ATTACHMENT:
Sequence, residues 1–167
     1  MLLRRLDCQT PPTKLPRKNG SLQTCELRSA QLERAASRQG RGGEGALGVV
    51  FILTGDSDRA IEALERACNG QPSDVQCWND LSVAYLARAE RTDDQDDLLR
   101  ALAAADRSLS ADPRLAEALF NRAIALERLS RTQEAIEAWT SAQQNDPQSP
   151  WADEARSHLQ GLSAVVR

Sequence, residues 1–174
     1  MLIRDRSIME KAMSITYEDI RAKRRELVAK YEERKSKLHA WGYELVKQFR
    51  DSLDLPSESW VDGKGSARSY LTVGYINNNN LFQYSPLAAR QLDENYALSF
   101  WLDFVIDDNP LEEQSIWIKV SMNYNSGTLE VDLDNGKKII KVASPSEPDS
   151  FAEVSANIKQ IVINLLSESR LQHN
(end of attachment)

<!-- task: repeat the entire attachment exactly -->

Sequence, residues 1–167
     1  MLLRRLDCQT PPTKLPRKNG SLQTCELRSA QLERAASRQG RGGEGALGVV
    51  FILTGDSDRA IEALERACNG QPSDVQCWND LSVAYLARAE RTDDQDDLLR
   101  ALAAADRSLS ADPRLAEALF NRAIALERLS RTQEAIEAWT SAQQNDPQSP
   151  WADEARSHLQ GLSAVVR

Sequence, residues 1–174
     1  MLIRDRSIME KAMSITYEDI RAKRRELVAK YEERKSKLHA WGYELVKQFR
    51  DSLDLPSESW VDGKGSARSY LTVGYINNNN LFQYSPLAAR QLDENYALSF
   101  WLDFVIDDNP LEEQSIWIKV SMNYNSGTLE VDLDNGKKII KVASPSEPDS
   151  FAEVSANIKQ IVINLLSESR LQHN